Facial motor nucleus

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Brain: Facial motor nucleus
Gray788.png
Plan of the facial and intermediate nerves and their communication with other nerves. ("Nucleus of Facial N." labeled at upper left.)
Latin n. nervi facialis
Part of Medulla
Artery AICA
Vein Anterior medullary
NeuroNames hier-581
Dorlands/Elsevier n_11/12581950

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The facial motor nucleus is a collection of neurons in the brainstem that belong to the facial nerve (cranial nerve VII). These lower motor neurons innervate the muscles of facial expression and the stapedius.

Anatomy

The nucleus is situated in the caudal portion of the ventrolateral pontine tegmentum. Its axons take an unusual course, traveling dorsally and looping around the abducens nucleus, then traveling ventrally to exit the ventral pons medial to the spinal trigeminal nucleus. These axons form the motor component of the facial nerve, with parasympathetic and sensory components forming the nervus intermedius.

The nucleus has a dorsal and ventral region, with neurons in the dorsal region innervating muscles of the upper face and neurons in the ventral region innervating muscles of the lower face.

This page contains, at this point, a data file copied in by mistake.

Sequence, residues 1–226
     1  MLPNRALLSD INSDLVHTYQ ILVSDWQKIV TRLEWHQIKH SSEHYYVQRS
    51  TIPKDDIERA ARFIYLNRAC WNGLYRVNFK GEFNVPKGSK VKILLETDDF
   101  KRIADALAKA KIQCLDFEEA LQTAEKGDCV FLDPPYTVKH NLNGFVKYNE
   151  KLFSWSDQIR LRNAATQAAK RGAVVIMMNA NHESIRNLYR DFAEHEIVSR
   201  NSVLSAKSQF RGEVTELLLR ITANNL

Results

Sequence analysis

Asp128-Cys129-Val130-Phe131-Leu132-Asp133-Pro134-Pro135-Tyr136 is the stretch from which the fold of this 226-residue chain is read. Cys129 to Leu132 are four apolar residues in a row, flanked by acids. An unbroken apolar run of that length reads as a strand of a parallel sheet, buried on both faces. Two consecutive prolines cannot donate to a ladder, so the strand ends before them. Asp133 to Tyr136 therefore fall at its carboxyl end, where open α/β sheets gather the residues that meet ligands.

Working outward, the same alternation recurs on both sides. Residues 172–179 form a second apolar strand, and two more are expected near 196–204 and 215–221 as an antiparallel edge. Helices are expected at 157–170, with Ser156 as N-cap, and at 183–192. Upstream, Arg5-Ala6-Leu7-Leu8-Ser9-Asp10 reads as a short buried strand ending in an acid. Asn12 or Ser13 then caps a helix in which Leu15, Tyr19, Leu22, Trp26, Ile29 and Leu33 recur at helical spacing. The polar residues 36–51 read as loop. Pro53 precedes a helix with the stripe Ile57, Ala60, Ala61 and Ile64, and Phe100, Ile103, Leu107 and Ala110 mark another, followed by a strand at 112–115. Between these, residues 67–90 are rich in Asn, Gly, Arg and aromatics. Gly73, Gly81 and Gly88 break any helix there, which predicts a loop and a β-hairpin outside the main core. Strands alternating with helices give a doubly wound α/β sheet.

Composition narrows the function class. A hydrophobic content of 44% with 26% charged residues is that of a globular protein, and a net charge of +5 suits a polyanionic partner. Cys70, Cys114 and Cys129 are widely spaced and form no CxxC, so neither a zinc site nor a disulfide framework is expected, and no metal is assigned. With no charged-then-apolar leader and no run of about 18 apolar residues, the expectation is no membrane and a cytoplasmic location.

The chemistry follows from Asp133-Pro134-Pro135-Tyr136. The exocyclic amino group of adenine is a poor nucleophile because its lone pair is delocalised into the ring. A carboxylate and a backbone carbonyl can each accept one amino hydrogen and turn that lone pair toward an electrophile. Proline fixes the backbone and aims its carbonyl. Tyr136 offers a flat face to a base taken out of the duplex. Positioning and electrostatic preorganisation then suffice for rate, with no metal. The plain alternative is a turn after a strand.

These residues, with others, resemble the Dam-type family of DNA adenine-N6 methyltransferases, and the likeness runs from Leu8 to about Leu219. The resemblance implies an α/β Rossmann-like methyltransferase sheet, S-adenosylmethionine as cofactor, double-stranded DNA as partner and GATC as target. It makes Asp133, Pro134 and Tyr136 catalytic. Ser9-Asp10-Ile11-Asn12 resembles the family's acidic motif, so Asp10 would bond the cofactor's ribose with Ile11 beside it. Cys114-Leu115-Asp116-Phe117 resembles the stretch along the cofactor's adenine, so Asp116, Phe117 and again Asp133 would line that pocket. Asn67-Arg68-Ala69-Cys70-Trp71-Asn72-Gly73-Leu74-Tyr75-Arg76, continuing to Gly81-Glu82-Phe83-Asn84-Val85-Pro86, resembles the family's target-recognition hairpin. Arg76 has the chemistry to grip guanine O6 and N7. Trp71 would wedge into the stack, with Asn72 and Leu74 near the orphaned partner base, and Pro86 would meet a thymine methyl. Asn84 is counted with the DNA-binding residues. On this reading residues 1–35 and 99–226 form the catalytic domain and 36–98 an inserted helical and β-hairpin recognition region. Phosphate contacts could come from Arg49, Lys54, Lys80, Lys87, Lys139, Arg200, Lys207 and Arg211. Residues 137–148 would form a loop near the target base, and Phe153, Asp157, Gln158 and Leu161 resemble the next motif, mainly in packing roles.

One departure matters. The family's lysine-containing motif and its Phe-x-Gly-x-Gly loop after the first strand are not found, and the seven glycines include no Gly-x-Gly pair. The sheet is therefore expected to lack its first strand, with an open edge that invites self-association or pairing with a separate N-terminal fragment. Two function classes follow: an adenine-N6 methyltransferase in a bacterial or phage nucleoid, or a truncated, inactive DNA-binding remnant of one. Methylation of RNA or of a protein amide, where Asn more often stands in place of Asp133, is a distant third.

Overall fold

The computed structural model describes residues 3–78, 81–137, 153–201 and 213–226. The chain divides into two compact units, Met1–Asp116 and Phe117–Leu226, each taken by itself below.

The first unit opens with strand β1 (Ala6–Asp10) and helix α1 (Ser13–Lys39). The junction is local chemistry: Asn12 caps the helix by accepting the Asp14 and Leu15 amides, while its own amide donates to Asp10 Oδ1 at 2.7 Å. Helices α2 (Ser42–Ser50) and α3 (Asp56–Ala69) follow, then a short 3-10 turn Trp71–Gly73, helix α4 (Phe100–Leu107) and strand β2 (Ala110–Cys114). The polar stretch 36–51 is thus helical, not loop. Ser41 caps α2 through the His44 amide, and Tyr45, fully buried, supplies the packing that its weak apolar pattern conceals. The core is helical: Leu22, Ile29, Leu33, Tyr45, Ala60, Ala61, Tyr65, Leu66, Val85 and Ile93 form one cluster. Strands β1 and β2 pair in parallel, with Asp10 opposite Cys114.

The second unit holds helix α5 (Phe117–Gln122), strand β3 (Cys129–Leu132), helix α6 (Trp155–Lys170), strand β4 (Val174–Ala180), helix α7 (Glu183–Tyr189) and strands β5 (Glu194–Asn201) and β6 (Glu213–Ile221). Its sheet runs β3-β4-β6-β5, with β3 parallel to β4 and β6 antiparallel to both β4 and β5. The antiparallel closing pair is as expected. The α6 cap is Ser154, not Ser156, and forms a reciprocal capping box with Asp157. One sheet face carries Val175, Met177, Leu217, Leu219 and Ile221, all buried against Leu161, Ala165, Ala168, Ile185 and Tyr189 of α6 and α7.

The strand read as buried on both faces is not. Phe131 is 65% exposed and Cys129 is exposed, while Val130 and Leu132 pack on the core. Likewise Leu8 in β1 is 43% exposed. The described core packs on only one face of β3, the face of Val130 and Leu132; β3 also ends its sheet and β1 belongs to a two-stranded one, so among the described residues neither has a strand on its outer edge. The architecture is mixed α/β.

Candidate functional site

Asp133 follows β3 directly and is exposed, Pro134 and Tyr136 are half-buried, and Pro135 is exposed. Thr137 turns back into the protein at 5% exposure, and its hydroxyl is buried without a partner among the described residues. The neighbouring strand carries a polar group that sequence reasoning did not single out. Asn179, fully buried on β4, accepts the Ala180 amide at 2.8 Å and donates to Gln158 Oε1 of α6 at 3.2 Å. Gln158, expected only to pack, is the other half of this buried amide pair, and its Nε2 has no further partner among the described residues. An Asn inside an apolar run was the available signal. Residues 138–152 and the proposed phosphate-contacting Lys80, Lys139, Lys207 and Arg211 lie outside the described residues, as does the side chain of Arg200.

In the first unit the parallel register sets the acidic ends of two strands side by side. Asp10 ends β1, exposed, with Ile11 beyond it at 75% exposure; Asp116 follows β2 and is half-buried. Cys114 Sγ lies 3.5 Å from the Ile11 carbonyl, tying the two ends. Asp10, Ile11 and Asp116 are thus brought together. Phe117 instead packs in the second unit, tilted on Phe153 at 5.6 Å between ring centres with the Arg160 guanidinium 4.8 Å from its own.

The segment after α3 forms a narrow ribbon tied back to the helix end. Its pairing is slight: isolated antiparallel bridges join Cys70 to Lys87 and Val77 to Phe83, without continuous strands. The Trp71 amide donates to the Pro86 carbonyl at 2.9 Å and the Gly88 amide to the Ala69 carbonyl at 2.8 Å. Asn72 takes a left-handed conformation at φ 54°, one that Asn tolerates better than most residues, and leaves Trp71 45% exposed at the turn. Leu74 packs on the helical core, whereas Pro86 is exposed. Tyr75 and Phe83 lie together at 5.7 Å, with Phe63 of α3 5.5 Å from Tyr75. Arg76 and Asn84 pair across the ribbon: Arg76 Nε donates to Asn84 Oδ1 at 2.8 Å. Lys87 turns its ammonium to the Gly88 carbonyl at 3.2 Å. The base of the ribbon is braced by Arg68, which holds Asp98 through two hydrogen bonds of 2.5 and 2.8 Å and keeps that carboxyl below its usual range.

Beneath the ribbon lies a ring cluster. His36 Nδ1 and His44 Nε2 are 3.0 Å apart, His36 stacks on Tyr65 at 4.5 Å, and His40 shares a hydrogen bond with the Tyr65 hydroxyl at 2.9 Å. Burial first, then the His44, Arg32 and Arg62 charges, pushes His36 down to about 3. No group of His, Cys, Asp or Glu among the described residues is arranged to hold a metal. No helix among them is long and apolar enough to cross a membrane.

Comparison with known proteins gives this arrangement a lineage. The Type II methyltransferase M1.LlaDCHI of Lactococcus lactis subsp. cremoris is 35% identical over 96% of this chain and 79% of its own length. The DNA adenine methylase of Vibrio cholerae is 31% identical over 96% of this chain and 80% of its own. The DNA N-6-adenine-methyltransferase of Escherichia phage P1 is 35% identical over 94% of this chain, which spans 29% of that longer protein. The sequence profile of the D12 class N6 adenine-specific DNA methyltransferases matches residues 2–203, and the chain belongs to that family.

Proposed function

Classification

Because it innervates muscles derived from pharyngeal arches, the facial motor nucleus is considered part of the special visceral efferent (SVE) cell column, which also includes the trigeminal motor nucleus, nucleus ambiguus, and (arguably) the spinal accessory nucleus.

Cortical input

Like all lower motor neurons, cells of the facial motor nucleus receive cortical input from the primary motor cortex in the frontal lobe of the brain. Upper motor neurons of the cortex send axons that descend through the internal capsule and synapse on neurons in the facial motor nucleus. This pathway from the cortex to the brainstem is called the corticobulbar tract.

Interestingly, the neurons in the dorsal aspect of the facial motor nucleus receive inputs from both sides of the cortex, while those in the ventral aspect mainly receive contralateral inputs (i.e. from the opposite side of the cortex). The result is that both sides of the brain control the muscles of the upper face, while the right side of the brain controls the lower left side of the face, and the left side of the brain controls the lower right side of the face.

Effects of lesions

As a result of the corticobulbar input to the facial motor nucleus, an upper motor neuron lesion to fibers innervating the facial motor nucleus results in central seven. The syndrome is characterized by flaccid paralysis of the contralateral lower face. For example, a left corticobulbar lesion results in paralysis of the muscles that control the lower right quadrant of the face.

By contrast, a lower motor neuron lesion to the facial motor nucleus results in paralysis of facial muscles on the same side of the injury. This condition is known as Bell's palsy.

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